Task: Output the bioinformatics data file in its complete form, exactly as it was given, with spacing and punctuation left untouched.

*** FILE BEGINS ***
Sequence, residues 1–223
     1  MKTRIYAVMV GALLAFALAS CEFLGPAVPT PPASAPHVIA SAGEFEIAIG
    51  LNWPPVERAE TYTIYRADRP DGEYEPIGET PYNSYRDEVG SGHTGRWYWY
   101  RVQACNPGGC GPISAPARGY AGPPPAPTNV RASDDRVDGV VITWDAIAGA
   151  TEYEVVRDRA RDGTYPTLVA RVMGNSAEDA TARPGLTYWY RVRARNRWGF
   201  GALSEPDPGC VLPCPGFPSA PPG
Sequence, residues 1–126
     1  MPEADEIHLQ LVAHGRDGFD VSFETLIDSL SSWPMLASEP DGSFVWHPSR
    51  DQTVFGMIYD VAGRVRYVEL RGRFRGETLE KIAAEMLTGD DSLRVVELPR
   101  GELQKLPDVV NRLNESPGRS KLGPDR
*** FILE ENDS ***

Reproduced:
Sequence, residues 1–223
     1  MKTRIYAVMV GALLAFALAS CEFLGPAVPT PPASAPHVIA SAGEFEIAIG
    51  LNWPPVERAE TYTIYRADRP DGEYEPIGET PYNSYRDEVG SGHTGRWYWY
   101  RVQACNPGGC GPISAPARGY AGPPPAPTNV RASDDRVDGV VITWDAIAGA
   151  TEYEVVRDRA RDGTYPTLVA RVMGNSAEDA TARPGLTYWY RVRARNRWGF
   201  GALSEPDPGC VLPCPGFPSA PPG
Sequence, residues 1–126
     1  MPEADEIHLQ LVAHGRDGFD VSFETLIDSL SSWPMLASEP DGSFVWHPSR
    51  DQTVFGMIYD VAGRVRYVEL RGRFRGETLE KIAAEMLTGD DSLRVVELPR
   101  GELQKLPDVV NRLNESPGRS KLGPDR